I think it’s a more devastating blow to John McCain than I initially would have thought. Of course this won’t move real liberals, who don’t like Powell much and are already committed to Obama anyway. Nor will it move conservatives, who don’t like Powell either. But there are people out there – lots of people – who, just like Powell, voted for George W. Bush in 2000 and then again in 2004 even though maybe Bush was a bit too conservative for their tastes. Now those people maybe regret having done so and see that Bush was a disastrous president. But at the same time, the Democratic Party seems to have shifted left, and nominated a relatively green figure, while the GOP nominated someone who has a reputation for moderation.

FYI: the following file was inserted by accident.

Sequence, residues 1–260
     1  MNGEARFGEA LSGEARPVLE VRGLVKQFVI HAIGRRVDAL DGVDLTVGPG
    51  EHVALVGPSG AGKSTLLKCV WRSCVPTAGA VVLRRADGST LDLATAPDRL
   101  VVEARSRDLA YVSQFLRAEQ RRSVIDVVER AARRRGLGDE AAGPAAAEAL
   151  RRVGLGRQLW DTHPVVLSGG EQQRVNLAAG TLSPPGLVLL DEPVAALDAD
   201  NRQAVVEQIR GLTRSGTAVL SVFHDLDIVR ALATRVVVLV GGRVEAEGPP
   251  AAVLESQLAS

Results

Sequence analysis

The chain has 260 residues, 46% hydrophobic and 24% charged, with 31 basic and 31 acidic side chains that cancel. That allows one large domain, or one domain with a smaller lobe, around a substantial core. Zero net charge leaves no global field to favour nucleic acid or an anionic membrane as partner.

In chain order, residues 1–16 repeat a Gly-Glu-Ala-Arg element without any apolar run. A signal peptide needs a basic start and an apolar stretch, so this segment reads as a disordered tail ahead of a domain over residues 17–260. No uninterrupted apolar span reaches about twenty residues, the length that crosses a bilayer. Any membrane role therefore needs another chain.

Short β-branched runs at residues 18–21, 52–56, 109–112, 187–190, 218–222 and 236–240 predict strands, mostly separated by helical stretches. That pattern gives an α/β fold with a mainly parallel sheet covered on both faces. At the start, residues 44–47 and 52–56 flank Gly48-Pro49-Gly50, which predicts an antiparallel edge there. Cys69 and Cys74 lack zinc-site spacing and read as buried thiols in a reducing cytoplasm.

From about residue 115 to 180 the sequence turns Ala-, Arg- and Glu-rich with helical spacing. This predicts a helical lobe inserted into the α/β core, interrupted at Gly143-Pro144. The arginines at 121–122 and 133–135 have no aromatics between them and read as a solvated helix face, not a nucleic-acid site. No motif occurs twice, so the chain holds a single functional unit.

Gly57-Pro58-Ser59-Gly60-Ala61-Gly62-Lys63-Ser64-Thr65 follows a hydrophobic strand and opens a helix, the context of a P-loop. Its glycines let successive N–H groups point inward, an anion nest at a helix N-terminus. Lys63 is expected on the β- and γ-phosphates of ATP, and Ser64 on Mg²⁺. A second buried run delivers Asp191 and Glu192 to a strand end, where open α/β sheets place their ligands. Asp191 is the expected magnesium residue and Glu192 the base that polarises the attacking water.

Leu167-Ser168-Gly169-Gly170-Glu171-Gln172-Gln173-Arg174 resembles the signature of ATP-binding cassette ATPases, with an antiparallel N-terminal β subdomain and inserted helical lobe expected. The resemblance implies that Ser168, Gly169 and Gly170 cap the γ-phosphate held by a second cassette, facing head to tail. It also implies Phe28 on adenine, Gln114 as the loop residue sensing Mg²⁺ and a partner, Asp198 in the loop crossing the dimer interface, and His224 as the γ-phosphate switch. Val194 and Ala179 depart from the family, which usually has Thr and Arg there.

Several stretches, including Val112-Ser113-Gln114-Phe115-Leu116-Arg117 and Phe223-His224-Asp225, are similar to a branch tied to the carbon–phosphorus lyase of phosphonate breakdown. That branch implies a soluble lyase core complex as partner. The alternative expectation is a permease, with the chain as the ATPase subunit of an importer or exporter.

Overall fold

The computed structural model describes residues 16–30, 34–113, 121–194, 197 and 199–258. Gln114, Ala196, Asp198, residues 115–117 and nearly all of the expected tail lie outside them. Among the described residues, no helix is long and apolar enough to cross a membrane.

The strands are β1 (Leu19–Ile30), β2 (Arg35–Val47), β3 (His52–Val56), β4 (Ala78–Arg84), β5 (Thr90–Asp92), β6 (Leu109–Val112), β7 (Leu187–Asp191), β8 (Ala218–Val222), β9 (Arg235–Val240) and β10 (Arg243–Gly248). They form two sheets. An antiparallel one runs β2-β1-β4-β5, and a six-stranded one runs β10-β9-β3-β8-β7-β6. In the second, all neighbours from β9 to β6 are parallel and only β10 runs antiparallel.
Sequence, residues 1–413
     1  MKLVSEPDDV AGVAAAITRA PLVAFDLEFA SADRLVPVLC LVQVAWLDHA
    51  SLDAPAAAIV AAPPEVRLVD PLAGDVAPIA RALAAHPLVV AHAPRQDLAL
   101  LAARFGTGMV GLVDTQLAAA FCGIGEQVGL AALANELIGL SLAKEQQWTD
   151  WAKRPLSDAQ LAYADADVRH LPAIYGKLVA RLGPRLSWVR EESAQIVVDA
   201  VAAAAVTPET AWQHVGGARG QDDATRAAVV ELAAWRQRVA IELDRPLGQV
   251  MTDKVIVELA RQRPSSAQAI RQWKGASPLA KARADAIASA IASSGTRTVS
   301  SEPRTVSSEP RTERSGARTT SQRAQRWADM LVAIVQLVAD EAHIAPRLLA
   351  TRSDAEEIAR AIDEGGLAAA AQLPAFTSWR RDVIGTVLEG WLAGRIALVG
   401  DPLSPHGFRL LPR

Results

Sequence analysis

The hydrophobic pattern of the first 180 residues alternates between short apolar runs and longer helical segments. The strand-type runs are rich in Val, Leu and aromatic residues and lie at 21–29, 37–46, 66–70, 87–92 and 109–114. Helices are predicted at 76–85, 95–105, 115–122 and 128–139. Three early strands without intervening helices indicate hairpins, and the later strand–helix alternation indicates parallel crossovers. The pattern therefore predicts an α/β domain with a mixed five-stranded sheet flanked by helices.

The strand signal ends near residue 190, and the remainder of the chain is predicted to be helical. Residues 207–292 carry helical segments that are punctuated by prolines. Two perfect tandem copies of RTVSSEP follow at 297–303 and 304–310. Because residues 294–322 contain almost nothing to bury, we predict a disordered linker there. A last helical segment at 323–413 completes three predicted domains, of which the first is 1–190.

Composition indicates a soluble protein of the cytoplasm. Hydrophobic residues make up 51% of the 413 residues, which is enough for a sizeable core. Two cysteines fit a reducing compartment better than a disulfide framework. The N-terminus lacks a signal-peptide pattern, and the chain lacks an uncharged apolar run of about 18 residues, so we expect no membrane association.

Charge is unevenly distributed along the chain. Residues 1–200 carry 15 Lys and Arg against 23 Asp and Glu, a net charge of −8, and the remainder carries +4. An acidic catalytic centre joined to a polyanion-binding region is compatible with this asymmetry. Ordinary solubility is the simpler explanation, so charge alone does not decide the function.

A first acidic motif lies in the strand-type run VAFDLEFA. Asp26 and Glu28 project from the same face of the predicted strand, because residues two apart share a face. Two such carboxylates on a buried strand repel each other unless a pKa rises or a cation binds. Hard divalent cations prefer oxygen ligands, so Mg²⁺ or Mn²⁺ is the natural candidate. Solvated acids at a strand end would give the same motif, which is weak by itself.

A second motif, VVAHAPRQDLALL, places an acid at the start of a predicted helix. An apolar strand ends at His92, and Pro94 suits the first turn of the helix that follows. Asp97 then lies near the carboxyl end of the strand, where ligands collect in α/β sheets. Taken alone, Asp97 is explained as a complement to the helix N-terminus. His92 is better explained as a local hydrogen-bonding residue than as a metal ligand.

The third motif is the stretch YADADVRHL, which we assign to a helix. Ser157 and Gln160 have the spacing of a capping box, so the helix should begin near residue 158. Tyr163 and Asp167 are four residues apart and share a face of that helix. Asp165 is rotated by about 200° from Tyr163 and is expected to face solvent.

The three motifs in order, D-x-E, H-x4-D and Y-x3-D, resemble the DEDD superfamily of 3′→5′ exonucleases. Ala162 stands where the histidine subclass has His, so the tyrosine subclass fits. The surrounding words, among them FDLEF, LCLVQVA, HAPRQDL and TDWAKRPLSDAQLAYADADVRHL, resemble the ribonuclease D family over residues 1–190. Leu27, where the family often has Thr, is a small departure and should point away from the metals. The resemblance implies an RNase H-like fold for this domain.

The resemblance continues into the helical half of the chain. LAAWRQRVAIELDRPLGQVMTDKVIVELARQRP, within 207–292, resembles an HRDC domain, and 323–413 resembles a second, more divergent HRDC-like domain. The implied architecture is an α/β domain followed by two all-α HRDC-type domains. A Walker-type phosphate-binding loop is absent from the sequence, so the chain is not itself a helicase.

And now here’s Powell, probably the only Republican moderate with a meaningful national profile, speaking in detail about problems with McCain, about the process of growing disillusioned with McCain, and vouching for Obama’s readiness to lead and fitness for office. In a lot of respects guys like Jim Leach and Wayne Gilchrest have, on the merits, been better messengers for this kind of message. But nobody knows who Leach and Gilchrest are, whereas everybody knows who Powell is. It’s a signal to every right-of-center person who maybe thinks the GOP has gotten too right-of-center that Obama’s okay. Meanwhile, it’s a reassuring reminder of what kind of people Obama does, in reality, pal around with. Powell was National Security Adviser under Ronald Reagan. He was Chairman of the Joint Chiefs under George H. W. Bush. And he was Secretary of State under George W. Bush. Those probably aren’t the most impressive qualifications to hard-core liberal blog readers, but to Powell’s fellow moderate Republicans I think that’s a pretty heavyweight resume.